HS2 is unpopular in the Shires and many think the budget could be better spent crossing the Pennines. So why are all parties so keen to steam ahead with it? The answer may lie beyond our shores.

I love travelling by train. I don’t of course mean being crouched in the vestibule of the delayed 17:45 from London Paddington to Reading. But sweeping along through our green and pleasant land, passing sous La Manche, or winding through the mountains on the continent can be one of the great pleasures in life.

Those against the proposed HS2 may understandably feel very differently. The case has been well made that, in terms of doing the job of moving people around, HS2’s £50 billion budget could be much better spent on linking northern cities such as Manchester and Leeds. Conservative voters in the shires – specifically the shires of Bucks, Oxon and Warks - are asking why Birmingham and Manchester’s gain should be their pain.

But ultimately, HS2 is as much a symbol of political prestige as it is a people-shifter. It’s part of a well-established pattern of other countries in Europe building or upgrading to high-speed lines in the last decade.

Spain’s sleek AVE (Alta Velocidad Española) service is a good example, which first connected the capital Madrid with Seville in the poorer rural south of Andalucia at speeds of 300 km/h, covering the 292 miles in just two and a half hours. Passengers get a full refund if it’s more than five minutes late (it almost never is). The Madrid-Barcelona service now out-competes the once frequent hopper flights between its two biggest cities. Together, its 3,100km AVE network is now the longest in Europe, second only in the world to China.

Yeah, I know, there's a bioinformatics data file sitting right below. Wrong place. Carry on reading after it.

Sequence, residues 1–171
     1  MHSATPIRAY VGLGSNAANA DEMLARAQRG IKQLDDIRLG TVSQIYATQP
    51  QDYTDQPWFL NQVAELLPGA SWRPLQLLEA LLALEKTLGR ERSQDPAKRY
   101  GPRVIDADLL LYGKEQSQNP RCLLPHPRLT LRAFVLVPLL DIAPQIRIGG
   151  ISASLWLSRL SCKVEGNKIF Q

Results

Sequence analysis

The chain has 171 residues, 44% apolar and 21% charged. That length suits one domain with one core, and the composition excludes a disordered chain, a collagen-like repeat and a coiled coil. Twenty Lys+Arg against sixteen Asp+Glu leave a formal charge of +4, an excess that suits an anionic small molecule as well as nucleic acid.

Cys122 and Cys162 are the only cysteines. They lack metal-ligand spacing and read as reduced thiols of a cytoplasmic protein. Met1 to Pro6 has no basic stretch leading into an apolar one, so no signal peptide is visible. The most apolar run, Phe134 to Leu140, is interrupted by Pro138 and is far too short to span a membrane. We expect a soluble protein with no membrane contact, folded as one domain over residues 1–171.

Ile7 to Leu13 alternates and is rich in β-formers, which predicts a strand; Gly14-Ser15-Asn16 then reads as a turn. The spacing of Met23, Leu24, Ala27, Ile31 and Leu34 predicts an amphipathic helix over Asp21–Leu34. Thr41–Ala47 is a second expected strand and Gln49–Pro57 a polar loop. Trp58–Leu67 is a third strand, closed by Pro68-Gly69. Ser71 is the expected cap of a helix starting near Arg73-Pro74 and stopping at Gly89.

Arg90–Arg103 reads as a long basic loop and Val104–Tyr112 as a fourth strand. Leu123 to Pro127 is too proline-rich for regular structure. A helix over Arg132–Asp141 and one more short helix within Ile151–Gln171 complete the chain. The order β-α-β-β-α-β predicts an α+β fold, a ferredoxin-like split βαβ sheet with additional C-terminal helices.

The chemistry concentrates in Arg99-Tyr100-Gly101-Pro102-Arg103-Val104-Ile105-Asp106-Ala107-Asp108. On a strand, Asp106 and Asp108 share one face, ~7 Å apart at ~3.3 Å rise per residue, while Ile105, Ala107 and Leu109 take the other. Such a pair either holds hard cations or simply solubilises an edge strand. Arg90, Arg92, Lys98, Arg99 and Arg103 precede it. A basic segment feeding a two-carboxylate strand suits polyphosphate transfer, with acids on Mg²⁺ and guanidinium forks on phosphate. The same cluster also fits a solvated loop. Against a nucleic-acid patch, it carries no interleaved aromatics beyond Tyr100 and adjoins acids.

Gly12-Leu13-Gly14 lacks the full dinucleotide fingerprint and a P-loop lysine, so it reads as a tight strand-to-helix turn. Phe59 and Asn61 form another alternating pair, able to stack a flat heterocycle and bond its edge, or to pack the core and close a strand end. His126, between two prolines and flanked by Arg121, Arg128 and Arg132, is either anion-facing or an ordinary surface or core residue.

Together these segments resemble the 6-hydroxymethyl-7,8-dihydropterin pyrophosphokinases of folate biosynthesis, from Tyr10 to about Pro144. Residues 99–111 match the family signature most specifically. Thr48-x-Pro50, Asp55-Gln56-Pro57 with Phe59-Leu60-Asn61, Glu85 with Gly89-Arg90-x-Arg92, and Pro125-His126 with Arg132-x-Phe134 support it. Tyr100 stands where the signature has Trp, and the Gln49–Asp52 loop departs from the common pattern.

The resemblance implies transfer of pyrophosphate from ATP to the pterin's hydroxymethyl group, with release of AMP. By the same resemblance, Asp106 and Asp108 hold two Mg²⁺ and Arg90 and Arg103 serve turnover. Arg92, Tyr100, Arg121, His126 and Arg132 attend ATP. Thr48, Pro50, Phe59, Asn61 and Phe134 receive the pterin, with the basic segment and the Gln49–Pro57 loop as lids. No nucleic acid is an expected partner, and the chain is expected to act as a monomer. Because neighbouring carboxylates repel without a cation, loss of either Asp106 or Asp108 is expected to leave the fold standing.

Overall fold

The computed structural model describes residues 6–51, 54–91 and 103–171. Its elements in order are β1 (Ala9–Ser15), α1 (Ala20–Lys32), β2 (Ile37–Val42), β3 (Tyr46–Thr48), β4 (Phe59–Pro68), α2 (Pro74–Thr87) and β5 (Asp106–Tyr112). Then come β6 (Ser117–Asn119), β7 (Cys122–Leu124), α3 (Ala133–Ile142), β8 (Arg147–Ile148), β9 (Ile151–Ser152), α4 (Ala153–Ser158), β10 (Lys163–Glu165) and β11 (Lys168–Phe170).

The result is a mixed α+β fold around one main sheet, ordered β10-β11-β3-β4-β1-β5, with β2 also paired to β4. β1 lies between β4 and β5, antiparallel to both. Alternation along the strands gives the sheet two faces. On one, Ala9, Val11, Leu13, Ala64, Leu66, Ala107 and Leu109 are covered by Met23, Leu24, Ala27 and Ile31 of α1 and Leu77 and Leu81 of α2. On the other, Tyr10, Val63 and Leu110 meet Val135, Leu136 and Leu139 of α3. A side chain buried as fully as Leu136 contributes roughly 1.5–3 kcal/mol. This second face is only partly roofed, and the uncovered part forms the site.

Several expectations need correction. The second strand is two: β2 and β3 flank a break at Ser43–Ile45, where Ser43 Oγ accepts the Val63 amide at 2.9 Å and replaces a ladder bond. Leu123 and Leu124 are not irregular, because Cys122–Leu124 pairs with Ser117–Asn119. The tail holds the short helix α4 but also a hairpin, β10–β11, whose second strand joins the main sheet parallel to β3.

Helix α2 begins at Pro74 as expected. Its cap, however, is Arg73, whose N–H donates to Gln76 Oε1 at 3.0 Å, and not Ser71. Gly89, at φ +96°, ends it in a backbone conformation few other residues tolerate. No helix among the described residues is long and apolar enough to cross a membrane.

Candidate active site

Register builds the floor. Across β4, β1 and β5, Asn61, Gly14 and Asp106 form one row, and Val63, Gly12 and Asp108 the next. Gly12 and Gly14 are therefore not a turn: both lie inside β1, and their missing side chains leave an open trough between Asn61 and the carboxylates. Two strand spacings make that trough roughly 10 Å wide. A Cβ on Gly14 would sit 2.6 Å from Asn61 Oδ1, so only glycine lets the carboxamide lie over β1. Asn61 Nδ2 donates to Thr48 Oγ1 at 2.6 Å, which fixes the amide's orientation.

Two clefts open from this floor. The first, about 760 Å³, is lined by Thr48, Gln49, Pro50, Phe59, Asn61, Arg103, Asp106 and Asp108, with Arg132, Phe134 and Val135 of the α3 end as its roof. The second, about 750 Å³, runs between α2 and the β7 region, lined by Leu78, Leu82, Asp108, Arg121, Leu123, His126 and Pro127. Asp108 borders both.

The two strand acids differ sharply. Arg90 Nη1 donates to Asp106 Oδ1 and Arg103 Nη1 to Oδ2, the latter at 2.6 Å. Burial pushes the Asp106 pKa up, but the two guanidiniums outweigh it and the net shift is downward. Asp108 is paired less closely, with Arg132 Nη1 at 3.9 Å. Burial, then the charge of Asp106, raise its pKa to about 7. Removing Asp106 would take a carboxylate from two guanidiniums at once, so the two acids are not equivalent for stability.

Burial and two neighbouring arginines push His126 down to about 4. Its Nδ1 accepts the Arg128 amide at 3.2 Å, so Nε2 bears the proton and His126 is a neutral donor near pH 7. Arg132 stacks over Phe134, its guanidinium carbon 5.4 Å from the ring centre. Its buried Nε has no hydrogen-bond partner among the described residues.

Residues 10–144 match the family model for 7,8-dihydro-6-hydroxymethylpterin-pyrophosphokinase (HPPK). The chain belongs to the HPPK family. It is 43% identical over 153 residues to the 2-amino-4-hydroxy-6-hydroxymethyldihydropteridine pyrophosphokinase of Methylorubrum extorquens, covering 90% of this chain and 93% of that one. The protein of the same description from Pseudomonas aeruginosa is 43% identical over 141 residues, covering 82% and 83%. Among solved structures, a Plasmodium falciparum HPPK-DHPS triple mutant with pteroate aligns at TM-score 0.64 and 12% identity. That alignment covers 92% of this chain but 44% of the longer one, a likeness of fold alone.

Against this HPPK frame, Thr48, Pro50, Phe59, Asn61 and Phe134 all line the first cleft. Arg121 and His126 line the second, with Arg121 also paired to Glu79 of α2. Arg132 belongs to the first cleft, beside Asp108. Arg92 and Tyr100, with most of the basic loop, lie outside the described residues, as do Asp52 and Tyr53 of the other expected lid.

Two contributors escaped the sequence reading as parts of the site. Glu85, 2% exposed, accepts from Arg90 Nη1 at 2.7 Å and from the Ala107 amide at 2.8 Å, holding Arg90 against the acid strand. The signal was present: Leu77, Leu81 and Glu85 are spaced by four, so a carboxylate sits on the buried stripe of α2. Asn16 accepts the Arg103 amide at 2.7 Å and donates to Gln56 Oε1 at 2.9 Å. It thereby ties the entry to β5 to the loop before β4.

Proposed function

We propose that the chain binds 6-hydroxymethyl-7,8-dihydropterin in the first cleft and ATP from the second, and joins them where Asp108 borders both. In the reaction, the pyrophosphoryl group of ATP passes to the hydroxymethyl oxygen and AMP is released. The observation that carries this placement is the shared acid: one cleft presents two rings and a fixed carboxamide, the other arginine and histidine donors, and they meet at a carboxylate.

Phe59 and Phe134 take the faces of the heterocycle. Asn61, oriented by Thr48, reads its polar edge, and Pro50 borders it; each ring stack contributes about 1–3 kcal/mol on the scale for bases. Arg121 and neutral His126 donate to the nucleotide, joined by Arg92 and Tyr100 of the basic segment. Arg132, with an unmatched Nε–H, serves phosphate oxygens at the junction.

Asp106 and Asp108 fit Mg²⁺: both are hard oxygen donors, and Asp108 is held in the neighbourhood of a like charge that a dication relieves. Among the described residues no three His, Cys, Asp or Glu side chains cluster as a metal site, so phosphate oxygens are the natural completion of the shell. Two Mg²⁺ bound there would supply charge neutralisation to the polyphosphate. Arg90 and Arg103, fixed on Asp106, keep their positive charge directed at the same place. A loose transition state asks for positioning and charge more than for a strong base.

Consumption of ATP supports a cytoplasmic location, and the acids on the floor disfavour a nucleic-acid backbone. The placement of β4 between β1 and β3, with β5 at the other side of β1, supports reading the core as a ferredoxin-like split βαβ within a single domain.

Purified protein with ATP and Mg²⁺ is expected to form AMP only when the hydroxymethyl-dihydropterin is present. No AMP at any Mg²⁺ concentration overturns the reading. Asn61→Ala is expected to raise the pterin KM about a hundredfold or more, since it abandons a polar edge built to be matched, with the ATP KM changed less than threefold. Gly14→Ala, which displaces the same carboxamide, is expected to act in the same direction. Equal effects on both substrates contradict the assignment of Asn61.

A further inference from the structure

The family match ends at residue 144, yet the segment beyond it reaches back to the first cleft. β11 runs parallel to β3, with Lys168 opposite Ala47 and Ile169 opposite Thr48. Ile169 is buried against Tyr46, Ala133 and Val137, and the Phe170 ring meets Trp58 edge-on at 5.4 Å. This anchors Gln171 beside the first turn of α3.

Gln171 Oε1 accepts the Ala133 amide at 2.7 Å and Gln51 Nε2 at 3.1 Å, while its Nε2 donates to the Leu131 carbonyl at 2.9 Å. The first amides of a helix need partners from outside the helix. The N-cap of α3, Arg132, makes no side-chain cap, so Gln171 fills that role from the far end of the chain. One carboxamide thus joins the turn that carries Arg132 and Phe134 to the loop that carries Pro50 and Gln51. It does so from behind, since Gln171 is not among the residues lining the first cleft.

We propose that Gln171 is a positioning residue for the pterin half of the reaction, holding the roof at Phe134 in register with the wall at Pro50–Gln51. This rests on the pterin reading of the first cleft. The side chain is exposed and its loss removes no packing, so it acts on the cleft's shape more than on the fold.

It too faced many of the similar controversies and despite reportedly never having turned a profit, has energised and knitted together the regions of a famously fragmented country. Similar high-speed services have been created in France, Germany and Italy. There’s even talk of a truly pan-European network, connecting Scandinavia to Sicily and Paris to Bratislava.

Britain meanwhile is playing catch-up, a fact that won’t have gone unnoticed on the international stage. HS2 is part of the fightback, alongside new direct services to Marseille, Amsterdam and Germany through the Channel Tunnel in direct competition with budget airlines.

It’s the cachet that such a new line brings that indirectly could do much to help bring about a ‘Northern powerhouse’. Despite the entire inevitable rumble coming down the tracks from large swathes of the electorate, it’s against this wider backdrop that HS2 should be viewed. The momentum for travel by rail is very much forward.

Mike Cheshire is an account director at Camargue

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